Meilutyte’s career could be comparable in some way to that of Missy Franklin, who recently announced her retirement in December. Franklin chose not to undergo a shoulder surgery that would cause her to lose more time in the water, thus ending her career at just 23 years of age. Ruta’s circumstances for retiring were a little different but their career trajectories were similar.

Franklin quickly rose to international prominence at the 2011 World Championships. She had some impressive relay splits early on in the meet, including the world leading time in the 200 free to lead off the gold medal winning 4×200 free relay team. And then she finished her meet with a gold medal in the 200 back with a near-world record.

It was Franklin’s first final at a major international meet. She won the gold medal and quickly became one of the most famous swimmers in the United States, much like Meilutyte did after winning the Olympic gold medal in 2012.

After 2013, Franklin had nine gold medals at the World Championships, which was the most all-time for any woman, and she did it in only two World Championships. After 2013, much like Ruta, Missy was considered unbeatable.

(140818) -- NANJING, Aug 18, 2014 (Xinhua) -- Ruta Meilutyte of Lithuania competes during the Women's 50m Breastsroke match at Nanjing 2014 Youth Olympic Games in Nanjing, capital of east China's Jiangsu Province, on Aug. 18, 2014.Ruta Meilutyte won the gold medal.(Xinhua/Yang Lei)(hhx)

Photo Courtesy: Xinhua/Yang Lei

But in 2015, Ruta and Missy were showing real signs of mortality. Both of them were favorites to win their best events at the World Championships, but they weren’t as dominant.

Leading up to the 2015 Worlds, Swimming World’s Jeff Commings wrote this about Meilutyte’s gold medal chances:

“Though Yuliya Efimova has the perfect mix of speed and endurance, it will be tough for her to get past world record holder Ruta Meilutyte in the 100 breast. Sure, the Russian crowd will help Efimova through the entire race, but Meilutyte looks unstoppable.

“She has not, however, been under 1:05 since winning the 2013 world championship title, so that could give Efimova a little bit of confidence. If Meilutyte can’t replicate her 2013 strategy and keep Efimova at bay, the Russian will find herself with the 100 breast gold medal.”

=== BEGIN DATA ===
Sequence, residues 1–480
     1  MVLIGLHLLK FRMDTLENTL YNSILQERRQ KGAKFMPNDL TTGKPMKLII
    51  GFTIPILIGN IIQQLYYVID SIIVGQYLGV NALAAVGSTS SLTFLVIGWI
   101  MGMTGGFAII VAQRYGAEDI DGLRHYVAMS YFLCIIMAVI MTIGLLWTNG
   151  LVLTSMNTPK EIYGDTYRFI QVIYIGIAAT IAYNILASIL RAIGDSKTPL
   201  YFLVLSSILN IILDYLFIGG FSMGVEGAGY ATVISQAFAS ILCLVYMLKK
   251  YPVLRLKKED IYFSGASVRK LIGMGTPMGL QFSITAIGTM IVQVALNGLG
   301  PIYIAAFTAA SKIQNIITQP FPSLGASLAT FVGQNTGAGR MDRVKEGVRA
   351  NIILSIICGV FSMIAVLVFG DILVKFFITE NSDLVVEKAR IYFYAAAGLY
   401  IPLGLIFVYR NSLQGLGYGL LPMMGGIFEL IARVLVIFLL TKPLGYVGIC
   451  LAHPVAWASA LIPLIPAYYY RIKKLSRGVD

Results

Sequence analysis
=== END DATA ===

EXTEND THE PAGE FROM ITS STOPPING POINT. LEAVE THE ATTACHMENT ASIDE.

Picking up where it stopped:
The 100 breast race in Kazan played out almost exactly how it was predicted. Meilutyte took it out and led at the 50 but was ultimately chased down by Efimova in the final 25.

It was her first loss at a major international meet in the 100 and she was well off her 1:04 world record with a 1:06.36 for the silver medal. It was her first major international loss in the 100 breast.

Even if she showed vulnerability, she was still not being counted out to repeat her gold medal at the 2016 Olympic Games in Rio. In March 2016, reigning World Champion Efimova failed a drug test, which (at the time) meant she wasn’t going to compete in Rio. The United States had a rising up-and-comer in a 19-year-old Lilly King, who dipped down to a 1:05.73 at the Charlotte Pro Swim Series a few months before the Games. The gold medal was wide open with Efimova (temporarily) out of the picture.

Swimming World’s Annie Grevers wrote this before Rio:

“Can Meilutyte return to her world record-setting ways? She hasn’t approached her 1:04.35 since she set the record three years ago. Her most recent times include a 1:05.64 (sf) at Kazan in 2015 and a 1:05.82 last March.”

But as we got closer to Rio, the attention was all on Efimova, who had been reinstated to the meet just days before the competition. King was the gold medal favorite. And after the semi-finals, attention was put on the American King, who famously called out her Russian rival on her doping history.

Lost in all of the craziness was 19-year-old Meilutyte, who was the fourth seed with a 1:06.44. A bronze medal seemed within her reach.

But like mentioned earlier, a lot can happen in between the semi-finals and finals. Despite swimming a 1:06 in the heats and the semi-finals, Meilutyte faded to seventh place in the final with a 1:07.32.

No woman has ever successfully repeated Olympic golds in the 100 breast and Meilutyte was unable to break that streak in Rio. But she assured she was not done.


Photo Courtesy: R-Sport / MIA Rossiya Segodnya

At the 2017 World Championships in Budapest, Meilutyte had shown signs of her old self when she challenged King every stroke in the semi-finals of the 100 breast. She posted a 1:05.06, her fastest time in four years. It was also the fourth fastest time of her career, sitting only behind her three swims from the 2013 Worlds.